Autism, my son and drugs

Okay, a misleading title I know, but now that you are reading please stay with me.  I recently posted Parenting a teen with Autism on this blog expressing the pain and frustration of trying to do the right thing for my nineteen year old son.  At that time we were wrestling with decisions about drugs, diet, behavior modification, etc. in trying to help Jason through his transition into adulthood.  This post is a follow up on what has happened in the month since.

Following a visit with his new doctor, and after a lot of research into different medication options, we made the decision to put him back on Risperdal.  Part of the reason was based on the feeling that we were losing him in a sense. He stopped laughing, stopped communicating and seemed absolutely overcome with new ticks such as eye blinking and hand twitching. He wore a callous in the palm of his hand where his index finger rubbed from constantly closing and opening it.  It has been two weeks since we started him back on the medication and he is back to his social self.  We are still dealing with self abuse at times, usually when he does not get what he wants and is angry.  But in general he is happy and playful again.

I have advocated for trying natural ways to help him, whether herbal remedies or diet with some breathing exercises nothing seems to make a difference.  At this point I realize that my son is a very headstrong and independent being that does not want to be “made” to do anything.  Part of our approach in helping him cope now is expanding his communication as much as possible and helping him understand appropriate ways of expression without anger.  He has been using a Kindle Fire for over a year now that has language programs designed for Autism…but all he seems interested in is YouTube.  I allow this because he has to use the keyboard to spell out songs he wants.  This is helping him to better understand the association between written words, language and things he wants.  We will be starting some behavior modification therapy again soon, we hope to have better results this time.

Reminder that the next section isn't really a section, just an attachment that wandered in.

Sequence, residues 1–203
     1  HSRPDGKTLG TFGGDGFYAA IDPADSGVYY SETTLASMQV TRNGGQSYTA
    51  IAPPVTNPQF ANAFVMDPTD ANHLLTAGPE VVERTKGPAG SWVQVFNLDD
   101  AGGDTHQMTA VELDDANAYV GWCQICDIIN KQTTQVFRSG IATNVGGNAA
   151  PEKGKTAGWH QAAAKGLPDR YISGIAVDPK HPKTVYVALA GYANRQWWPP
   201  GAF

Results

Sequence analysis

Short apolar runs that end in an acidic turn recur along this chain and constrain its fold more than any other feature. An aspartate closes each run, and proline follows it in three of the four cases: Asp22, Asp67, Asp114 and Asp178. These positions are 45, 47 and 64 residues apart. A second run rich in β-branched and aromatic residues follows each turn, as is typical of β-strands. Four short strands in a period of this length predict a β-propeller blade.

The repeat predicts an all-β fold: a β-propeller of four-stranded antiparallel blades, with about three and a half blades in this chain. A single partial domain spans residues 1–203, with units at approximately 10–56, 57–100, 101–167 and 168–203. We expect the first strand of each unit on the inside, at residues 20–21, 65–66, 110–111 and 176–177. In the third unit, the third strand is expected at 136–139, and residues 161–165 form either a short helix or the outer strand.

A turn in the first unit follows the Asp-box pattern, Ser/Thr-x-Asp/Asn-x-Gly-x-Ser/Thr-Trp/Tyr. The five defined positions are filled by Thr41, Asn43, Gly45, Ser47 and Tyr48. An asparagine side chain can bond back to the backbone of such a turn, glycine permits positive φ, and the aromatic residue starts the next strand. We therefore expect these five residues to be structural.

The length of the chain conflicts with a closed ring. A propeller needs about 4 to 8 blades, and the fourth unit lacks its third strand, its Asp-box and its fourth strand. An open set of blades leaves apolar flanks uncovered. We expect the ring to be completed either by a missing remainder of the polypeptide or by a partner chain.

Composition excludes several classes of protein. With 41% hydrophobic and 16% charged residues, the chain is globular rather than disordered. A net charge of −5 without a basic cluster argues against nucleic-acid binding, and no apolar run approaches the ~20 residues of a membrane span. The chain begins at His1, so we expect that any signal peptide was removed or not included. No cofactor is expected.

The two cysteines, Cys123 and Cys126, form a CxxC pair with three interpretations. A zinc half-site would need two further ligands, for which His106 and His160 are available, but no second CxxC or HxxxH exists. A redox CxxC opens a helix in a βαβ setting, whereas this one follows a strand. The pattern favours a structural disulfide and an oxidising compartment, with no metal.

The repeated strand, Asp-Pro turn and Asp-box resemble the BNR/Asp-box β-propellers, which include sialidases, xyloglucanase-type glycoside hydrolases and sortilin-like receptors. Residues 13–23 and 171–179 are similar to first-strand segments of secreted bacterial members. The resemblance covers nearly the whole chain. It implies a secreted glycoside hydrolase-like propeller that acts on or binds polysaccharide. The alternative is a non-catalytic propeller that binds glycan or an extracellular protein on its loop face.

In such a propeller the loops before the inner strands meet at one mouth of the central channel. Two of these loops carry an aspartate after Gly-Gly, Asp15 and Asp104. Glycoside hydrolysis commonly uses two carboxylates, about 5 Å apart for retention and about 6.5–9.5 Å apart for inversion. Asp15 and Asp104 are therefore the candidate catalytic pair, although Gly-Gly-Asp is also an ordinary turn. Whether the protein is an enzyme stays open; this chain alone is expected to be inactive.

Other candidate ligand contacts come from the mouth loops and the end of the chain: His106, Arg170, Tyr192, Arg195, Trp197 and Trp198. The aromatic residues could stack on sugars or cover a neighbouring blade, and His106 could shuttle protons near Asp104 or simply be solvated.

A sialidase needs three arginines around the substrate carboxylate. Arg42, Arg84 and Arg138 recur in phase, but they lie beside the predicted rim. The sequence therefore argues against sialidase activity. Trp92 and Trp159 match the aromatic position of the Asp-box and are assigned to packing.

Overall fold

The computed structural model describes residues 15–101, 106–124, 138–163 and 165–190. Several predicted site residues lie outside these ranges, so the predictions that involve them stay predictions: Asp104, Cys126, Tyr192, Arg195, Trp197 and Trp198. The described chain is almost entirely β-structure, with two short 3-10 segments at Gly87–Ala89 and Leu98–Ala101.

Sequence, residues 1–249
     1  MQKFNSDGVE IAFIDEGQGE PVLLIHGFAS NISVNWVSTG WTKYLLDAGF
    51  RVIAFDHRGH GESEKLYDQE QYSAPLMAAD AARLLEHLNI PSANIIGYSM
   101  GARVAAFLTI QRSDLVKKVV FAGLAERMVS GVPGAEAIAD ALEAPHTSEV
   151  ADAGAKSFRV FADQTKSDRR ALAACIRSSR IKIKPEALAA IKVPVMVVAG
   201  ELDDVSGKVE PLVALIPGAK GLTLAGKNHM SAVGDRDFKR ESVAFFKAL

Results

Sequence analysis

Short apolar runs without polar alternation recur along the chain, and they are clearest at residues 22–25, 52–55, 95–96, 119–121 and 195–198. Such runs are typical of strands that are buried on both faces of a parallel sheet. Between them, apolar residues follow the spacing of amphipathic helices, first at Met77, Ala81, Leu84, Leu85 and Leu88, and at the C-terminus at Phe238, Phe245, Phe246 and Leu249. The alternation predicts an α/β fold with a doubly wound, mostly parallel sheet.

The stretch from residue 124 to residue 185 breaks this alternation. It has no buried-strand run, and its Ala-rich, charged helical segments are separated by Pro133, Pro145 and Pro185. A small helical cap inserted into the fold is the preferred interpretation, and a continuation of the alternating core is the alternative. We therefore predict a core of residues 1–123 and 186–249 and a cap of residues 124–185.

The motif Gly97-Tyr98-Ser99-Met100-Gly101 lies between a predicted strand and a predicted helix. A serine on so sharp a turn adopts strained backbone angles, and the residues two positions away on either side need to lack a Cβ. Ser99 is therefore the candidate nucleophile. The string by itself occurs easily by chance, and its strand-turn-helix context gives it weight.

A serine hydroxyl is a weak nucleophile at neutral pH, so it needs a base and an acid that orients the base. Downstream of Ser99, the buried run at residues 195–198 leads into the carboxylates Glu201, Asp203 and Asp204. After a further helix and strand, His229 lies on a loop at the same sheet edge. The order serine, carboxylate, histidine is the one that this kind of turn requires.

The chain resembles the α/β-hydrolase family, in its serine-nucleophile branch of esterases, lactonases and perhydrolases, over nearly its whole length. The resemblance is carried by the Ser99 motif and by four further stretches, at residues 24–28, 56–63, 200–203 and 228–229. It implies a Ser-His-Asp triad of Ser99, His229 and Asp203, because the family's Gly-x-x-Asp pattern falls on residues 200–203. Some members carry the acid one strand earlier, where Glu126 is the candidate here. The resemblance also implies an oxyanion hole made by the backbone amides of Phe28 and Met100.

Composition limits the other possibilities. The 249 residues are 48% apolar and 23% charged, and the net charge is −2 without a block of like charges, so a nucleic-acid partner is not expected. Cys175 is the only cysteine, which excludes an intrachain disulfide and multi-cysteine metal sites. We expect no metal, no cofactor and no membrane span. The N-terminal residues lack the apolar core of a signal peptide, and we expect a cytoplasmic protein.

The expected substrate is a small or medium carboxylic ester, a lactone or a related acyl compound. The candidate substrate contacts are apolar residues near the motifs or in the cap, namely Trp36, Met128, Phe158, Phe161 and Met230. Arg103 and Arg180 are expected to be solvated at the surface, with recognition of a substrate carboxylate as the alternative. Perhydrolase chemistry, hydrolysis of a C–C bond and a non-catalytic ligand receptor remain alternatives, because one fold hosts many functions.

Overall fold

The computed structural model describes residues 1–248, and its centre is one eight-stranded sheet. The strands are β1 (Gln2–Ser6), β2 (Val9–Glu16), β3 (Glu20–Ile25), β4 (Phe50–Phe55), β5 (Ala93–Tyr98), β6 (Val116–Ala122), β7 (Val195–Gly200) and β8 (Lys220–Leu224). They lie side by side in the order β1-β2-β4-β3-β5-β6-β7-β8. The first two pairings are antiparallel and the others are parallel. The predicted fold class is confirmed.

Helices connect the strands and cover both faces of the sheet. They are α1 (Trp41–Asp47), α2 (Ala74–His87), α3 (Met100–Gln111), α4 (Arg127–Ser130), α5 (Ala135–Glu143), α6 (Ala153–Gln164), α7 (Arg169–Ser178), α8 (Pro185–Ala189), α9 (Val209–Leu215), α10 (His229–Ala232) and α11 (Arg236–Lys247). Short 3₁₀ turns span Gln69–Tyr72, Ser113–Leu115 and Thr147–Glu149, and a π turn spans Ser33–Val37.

I don’t know what another year will bring, or another month, or even tomorrow, but I do know that Jason continues to teach us a lot about ourselves and the mysteries of human social interaction with each passing storm.

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Author: Cheryl Hunter

Eve's Crossing is a state of mind. Cheryl Hunter is the editor and creator of Eve's Crossing.

3 thoughts on “Autism, my son and drugs”

  1. Awww, bless your heart. I know it is difficult to navigate and you have been walking this path for a longer time, than my experience.

    I have found with autism, ADHD, fibromyalgia, etc…it is all trial and error to find what works for each person.

    When I got Levi to a place I wanted him to be in many areas, he still did not show any signs of empathy. I contacted Dr. Simon Baron-Cohen at Cambridge and he was actually a very kind man who spent a lot of time writing back and forth with me and giving me ideas, input, etc. While his actual program of the Transporters did not really help Levi, the interesting thing was it made other things in Levi’s life “click” for me and I could then figure out how to help Levi more.

    Praying you find what does work for your son each step of the way and that you are continuously blessed with the patience needed.

    xoxoxox

    1. Thank you so much Juli for your kind words. I appreciate the information and will check into it. Blessings to you and yours.

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